By opting to use a process of deferred consent that incorporates obtaining verbal assent the FEAST trial is being conducted in accordance with the Nuffield Council on Bioethics guidelines, and other international guidelines [30, 31]. It places more responsibility with the ethics committees to decide whether they were confident that the rights and well being of the participants are being protected. In East Africa there are no legal requirements to follow particular guidelines, but our institution works to ICH-GCP for all of our trials Whilst there are local trial regulations to follow in each of the countries we are working in, none gave specific details about emergency research. The FEAST protocol, including the consent processes described above, has obtained full ethical approval in the UK and by three African committees.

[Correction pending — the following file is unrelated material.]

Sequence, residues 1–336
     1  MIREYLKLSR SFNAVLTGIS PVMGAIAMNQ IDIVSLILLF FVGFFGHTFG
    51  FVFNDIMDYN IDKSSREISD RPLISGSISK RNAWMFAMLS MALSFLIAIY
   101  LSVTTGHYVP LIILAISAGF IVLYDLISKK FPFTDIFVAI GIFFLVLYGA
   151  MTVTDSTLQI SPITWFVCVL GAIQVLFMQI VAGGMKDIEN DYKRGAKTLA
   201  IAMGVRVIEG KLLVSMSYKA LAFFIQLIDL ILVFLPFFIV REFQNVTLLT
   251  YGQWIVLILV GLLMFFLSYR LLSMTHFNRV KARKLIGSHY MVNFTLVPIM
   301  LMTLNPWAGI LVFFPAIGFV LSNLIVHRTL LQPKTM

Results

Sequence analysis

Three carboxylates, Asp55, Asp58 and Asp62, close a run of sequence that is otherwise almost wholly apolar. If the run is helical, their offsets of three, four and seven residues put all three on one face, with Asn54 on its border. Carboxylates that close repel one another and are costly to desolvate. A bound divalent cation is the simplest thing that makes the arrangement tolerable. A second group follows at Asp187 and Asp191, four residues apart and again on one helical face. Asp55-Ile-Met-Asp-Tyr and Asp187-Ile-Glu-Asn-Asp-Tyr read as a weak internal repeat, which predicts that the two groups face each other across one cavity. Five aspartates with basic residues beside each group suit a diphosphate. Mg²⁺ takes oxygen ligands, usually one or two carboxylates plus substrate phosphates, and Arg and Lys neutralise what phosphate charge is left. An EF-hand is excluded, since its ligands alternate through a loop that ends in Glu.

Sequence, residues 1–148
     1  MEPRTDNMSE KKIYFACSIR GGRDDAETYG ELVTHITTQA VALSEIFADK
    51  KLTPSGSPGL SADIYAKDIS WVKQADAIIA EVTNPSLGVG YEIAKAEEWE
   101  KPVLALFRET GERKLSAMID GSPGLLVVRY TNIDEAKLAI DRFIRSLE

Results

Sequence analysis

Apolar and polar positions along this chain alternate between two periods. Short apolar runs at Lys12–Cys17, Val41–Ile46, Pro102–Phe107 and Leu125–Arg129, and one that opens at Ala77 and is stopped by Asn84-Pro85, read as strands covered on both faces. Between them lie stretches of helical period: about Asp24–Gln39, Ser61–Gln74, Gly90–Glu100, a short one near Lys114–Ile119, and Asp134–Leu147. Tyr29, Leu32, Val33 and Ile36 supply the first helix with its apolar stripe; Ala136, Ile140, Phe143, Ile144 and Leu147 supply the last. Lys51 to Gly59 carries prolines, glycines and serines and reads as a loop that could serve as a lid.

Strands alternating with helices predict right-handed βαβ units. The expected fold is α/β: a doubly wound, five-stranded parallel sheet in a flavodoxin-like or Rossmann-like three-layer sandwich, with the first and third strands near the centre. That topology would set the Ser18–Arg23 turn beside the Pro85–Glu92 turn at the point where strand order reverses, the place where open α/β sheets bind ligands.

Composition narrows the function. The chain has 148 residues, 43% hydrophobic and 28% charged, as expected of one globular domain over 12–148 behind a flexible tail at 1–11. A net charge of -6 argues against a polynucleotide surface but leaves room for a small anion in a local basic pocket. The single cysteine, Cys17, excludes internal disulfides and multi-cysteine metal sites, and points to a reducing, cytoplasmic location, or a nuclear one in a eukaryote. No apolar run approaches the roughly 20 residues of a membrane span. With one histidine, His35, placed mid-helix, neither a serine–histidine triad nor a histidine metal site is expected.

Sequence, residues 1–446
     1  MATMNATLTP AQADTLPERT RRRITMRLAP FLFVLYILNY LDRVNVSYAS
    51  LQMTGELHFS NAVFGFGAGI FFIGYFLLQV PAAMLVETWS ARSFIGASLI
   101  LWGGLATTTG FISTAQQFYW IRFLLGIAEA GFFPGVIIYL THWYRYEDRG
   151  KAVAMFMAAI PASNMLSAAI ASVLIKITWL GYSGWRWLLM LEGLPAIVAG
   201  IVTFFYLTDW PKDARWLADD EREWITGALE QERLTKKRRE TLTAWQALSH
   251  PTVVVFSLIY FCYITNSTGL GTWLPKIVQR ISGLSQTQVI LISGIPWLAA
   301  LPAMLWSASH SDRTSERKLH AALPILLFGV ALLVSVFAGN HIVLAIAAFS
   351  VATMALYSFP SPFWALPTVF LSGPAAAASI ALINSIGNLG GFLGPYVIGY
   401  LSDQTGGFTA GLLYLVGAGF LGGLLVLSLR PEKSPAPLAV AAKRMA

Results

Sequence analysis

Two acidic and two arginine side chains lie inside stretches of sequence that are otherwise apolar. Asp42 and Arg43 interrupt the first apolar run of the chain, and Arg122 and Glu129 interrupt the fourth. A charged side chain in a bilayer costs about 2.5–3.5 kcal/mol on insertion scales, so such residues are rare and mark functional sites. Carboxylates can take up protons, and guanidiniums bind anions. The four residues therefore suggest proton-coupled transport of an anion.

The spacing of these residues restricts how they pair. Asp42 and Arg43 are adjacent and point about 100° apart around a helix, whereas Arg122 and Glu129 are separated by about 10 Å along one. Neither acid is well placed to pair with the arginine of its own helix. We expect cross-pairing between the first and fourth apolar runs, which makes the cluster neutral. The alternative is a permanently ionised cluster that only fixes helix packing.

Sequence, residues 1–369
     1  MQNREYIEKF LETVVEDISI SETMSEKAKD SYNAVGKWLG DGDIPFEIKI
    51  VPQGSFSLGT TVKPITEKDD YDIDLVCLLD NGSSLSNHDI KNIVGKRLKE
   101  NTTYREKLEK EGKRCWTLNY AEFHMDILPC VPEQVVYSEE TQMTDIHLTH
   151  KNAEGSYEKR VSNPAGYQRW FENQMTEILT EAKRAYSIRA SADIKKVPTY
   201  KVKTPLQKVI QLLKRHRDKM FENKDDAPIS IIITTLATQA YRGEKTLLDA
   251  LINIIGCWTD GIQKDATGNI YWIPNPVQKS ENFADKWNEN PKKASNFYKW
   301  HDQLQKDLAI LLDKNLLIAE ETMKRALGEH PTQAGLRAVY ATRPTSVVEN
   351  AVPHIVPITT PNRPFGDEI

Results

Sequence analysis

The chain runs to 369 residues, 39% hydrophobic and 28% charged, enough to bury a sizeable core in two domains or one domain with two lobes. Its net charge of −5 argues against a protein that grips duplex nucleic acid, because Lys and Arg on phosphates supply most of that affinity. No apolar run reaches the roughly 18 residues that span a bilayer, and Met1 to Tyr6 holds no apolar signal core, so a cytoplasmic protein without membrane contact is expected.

We consider it of value to share how we approached consent for this specific trial since severely ill children are under-represented in research and current regulations are challenging for researchers. The FEAST trial, to our knowledge, is the first and the largest late phase trial to have provided specific emergency consent process since the change in regulatory requirements. However, we recognise that there now needs to be a formal study to explore the views and experiences of different groups involved, including parents, research staff, trial monitors and managers, and members of ethics committees and regulatory agencies. In particular, we will be interested in documenting these key stakeholders' perceptions of the acceptability and appropriateness of deferred consent, and their recommendations for similar studies in future.